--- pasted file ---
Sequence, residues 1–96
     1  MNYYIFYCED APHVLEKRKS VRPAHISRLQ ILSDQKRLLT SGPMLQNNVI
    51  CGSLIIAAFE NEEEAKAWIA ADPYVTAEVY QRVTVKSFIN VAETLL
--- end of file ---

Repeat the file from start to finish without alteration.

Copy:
Sequence, residues 1–96
     1  MNYYIFYCED APHVLEKRKS VRPAHISRLQ ILSDQKRLLT SGPMLQNNVI
    51  CGSLIIAAFE NEEEAKAWIA ADPYVTAEVY QRVTVKSFIN VAETLL